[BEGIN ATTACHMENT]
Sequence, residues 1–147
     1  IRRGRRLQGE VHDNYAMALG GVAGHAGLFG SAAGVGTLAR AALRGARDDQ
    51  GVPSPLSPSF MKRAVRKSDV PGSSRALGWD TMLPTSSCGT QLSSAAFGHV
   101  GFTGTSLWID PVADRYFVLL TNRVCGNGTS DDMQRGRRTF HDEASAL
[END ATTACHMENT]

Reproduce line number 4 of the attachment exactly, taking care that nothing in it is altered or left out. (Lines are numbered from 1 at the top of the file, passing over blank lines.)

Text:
   101  GFTGTSLWID PVADRYFVLL TNRVCGNGTS DDMQRGRRTF HDEASAL